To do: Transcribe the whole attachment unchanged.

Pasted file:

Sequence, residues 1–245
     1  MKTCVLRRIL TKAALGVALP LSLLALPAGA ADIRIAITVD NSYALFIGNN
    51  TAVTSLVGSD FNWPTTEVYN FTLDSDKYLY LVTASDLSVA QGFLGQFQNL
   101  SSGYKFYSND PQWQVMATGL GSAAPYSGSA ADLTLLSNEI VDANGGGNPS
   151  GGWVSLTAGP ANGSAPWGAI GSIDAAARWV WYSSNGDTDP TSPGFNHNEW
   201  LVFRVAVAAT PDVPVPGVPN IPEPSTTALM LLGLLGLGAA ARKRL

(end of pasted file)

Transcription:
Sequence, residues 1–245
     1  MKTCVLRRIL TKAALGVALP LSLLALPAGA ADIRIAITVD NSYALFIGNN
    51  TAVTSLVGSD FNWPTTEVYN FTLDSDKYLY LVTASDLSVA QGFLGQFQNL
   101  SSGYKFYSND PQWQVMATGL GSAAPYSGSA ADLTLLSNEI VDANGGGNPS
   151  GGWVSLTAGP ANGSAPWGAI GSIDAAARWV WYSSNGDTDP TSPGFNHNEW
   201  LVFRVAVAAT PDVPVPGVPN IPEPSTTALM LLGLLGLGAA ARKRL